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Ayana Arts First South Asian Art Showcase Promises a Fusion of East and West

4 min read

by Soni Satpathy-Singh

This post was originally published on our partner website India.com.

A very special performance will be taking place on Saturday, September 17, in downtown New York City. Ayana Arts will host their first-ever collaborative South Asian art showcase which benefits SAYA, the South Asian Youth Action.

Ayana Arts defines themselves as:

“A community of young professionals with a passion for the South Asian arts and the shared goal of creating a dynamic performance that celebrates our diverse interests and talents while giving back to our community.”

They are all about pushing boundaries of traditional South Asian performing arts while remaining rooted in and honoring South Asian culture and heritage, according to their website.


Team member Mariam Matin explained that the key to creating a fusion while remaining rooted in and honoring South Asian culture is to understand both, eastern and western traditions. “We have to appreciate how diverse, complicated, and full of history both the sides are. If you take the time to familiarize yourself with any particular heritage, particularly one as colorful as South Asian, you understand where to stay true to tradition while blending it with something new.”  

The September 17 show promises to illustrate numerous art traditions. The name of the show is “Undefined,” which is befitting for their debut considering Ayana Arts deliberately identifies itself as not being vested in one type of art or performance.

Matin articulated this desire to remain undefined in that Ayana’s “members are simply looking for an outlet to do bhangra, explore classical fusion, write about their heritage, or even just get their fix of a good two hours of Bollywood dance. We’re driven by the interests and artistic needs of our artists, which we hope will continue to develop and grow.”


She added that they want their members, new and potential, to have a sense of autonomy in defining performative art. “Ayana itself does not fit into any kind of category, nor do any of us. I think sometimes, whether you are South Asian or not, you feel the pressure to be the perfect ‘fill-in-the-blank’ that you can be. You are measured by the standard of some arbitrary and abstract archetype,” Matin continued. “The problem is, we are all a bundle of so many identities at once. Many of us in the show, for example, come from a South Asian background but were raised here in the United States. It’s no secret that balancing those two identities can be incredibly challenging. There is no such thing as the perfect anything or anyone.”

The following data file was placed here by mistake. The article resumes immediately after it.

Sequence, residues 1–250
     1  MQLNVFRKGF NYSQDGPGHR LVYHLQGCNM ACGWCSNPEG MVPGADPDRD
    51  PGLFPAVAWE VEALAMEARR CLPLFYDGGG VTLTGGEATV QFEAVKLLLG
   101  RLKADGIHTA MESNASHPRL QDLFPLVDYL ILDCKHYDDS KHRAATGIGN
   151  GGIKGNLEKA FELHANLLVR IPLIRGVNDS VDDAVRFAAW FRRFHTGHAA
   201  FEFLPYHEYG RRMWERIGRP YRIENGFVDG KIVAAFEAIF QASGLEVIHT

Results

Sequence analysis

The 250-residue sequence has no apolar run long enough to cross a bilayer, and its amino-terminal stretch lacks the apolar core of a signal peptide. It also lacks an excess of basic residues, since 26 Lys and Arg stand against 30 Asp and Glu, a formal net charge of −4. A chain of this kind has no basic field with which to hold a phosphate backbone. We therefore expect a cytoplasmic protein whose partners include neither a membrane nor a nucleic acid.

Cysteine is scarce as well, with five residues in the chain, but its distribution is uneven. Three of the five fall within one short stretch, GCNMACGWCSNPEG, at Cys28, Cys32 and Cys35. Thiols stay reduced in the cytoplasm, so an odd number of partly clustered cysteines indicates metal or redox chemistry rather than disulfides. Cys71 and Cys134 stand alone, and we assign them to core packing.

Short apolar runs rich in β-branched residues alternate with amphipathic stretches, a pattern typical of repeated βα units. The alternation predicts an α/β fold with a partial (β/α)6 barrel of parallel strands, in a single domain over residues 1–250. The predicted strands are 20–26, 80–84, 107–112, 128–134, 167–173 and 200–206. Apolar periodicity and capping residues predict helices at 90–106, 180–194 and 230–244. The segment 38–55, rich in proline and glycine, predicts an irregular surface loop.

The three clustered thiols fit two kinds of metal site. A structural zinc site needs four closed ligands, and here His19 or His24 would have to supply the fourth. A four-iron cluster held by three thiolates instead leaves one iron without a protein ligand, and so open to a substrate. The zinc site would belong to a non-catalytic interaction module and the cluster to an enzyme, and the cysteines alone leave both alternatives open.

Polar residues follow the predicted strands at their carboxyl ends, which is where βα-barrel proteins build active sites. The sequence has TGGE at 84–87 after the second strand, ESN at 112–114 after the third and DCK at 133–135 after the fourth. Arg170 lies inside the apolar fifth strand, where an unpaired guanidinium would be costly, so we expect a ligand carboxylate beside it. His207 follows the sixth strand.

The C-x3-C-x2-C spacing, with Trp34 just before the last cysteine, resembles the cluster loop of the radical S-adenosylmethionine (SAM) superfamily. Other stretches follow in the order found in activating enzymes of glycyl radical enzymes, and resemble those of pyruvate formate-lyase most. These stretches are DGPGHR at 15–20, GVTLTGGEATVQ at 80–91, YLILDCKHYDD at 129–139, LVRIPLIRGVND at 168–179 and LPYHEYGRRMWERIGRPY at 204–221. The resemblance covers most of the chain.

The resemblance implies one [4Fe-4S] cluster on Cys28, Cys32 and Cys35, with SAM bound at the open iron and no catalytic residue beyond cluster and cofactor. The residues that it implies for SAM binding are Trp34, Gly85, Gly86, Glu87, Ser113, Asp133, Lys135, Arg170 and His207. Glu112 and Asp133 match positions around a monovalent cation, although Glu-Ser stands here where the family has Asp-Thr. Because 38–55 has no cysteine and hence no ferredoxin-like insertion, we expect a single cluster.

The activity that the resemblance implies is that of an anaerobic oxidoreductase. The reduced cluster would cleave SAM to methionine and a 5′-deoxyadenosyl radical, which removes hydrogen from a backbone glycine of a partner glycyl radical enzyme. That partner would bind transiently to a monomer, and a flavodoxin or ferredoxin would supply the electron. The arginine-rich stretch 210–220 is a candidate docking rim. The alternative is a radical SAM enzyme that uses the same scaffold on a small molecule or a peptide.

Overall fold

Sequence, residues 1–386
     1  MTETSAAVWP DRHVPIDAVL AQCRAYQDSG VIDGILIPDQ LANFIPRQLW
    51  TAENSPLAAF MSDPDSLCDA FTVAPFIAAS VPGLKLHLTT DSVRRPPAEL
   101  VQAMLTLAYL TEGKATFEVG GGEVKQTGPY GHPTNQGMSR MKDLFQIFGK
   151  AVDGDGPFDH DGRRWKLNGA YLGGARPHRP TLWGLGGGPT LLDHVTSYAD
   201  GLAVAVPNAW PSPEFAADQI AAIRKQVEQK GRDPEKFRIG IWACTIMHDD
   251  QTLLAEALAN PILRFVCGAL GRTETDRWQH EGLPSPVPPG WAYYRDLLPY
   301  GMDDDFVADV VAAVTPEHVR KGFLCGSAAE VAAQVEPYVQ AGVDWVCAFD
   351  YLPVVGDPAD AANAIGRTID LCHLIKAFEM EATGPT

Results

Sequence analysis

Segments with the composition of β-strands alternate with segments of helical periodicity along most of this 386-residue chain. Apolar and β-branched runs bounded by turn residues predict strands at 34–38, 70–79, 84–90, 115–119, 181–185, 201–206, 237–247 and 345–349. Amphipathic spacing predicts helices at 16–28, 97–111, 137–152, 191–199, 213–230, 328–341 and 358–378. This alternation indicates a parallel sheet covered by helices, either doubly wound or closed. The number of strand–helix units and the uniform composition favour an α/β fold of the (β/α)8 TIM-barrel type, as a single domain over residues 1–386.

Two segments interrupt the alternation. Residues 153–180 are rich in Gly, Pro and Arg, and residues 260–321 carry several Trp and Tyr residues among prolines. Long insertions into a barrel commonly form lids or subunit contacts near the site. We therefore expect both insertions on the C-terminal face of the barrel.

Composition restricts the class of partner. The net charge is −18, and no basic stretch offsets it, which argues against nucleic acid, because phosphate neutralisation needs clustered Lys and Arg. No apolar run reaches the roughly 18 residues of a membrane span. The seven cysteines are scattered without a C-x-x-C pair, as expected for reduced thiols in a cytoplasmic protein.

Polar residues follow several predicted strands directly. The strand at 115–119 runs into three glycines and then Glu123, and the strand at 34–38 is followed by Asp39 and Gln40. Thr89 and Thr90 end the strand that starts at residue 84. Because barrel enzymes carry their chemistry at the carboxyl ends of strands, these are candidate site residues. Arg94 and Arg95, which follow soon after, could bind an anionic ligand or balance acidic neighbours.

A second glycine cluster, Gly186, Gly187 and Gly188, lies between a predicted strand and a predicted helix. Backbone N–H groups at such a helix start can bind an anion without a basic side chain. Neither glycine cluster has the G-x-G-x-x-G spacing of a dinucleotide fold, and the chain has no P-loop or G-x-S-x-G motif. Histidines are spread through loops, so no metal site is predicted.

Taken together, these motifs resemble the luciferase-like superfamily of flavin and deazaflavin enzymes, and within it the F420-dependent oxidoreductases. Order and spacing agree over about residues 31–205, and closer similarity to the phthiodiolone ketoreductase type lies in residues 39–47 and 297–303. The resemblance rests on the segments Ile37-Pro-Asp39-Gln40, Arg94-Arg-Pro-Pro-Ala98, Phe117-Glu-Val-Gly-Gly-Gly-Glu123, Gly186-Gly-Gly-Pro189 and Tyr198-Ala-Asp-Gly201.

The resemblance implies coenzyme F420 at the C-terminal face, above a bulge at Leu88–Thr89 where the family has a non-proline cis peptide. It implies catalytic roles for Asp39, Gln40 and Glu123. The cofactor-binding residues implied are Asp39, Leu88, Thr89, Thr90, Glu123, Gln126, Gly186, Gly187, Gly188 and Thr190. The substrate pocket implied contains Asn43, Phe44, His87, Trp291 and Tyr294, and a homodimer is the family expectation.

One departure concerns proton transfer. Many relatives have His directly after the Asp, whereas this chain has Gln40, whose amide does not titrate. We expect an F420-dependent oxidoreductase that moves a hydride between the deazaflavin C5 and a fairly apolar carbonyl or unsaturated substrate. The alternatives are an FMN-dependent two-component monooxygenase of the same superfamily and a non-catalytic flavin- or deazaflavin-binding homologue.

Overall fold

Matin said that the show celebrates the idea that there are an infinite number of beautiful ways to celebrate all sides of who you are. “We try and find a few, such as Bharatnatyam with Major Lazer, breaking it down to Bollywood, and doing a good thumka to old school hip hop.”

Many of us in the diaspora look for activities, performances, and events that bridge together our South Asian and American identities. It makes us feel more in touch with both the cultures. Could Ayana Arts be the touchstone for exploring our hyphenated identities through art?  In fact, we can even be a part of it.

Ayana is interested in forming a diverse set of partnerships and relationships with talented individuals and other non-profits in the city and beyond. They stress that “the ultimate goal of Ayana is to give back to the community in meaningful ways, big and small. As long as our collaborators, in whatever shape or form they are comfortable with, are willing to help with that, we’re open to meeting them.”


This Saturday’s show will speak better to the diversity they hope to continue to showcase in giving back to the community in an artistic and meaningful way. The bulk of the show is dance, but there will also be spoken word, music, and visual arts in the lobby.

And though this will be the vibe of Saturday’s event, Ayana’s events will surely differ from event to event as they promise to be “driven by the interests and artistic needs of our artists,” which will undoubtedly help them “to continue to develop and grow.”

We cannot wait to see what these firecrackers have in store for the future! In the meantime, be sure to get your ticket for Saturday’s event by clicking here.

All proceeds from the show will go to SAYA, a youth development organization committed to connecting youth from all backgrounds to opportunities.

SAYA’s mission is to foster a strong sense of belonging in youth and provide them with tools to thrive academically, professionally and personally.

[Photos via: ayanaarts]

Soni Satpathy-Singh is a recipe writer and developer who resides in Manhattan. She is either always cooking or eating be it for work or simply because she loves to! She is working on her own cookbook and also recently created “Sketchy Desi” which provides daily humor, greeting cards, and apparel that celebrate brown culture. To see more of Sketchy Desi’s work, visit www.facebook.com/sketchydesi/ or stay tuned to upcoming posts on Brown Girl Magazine.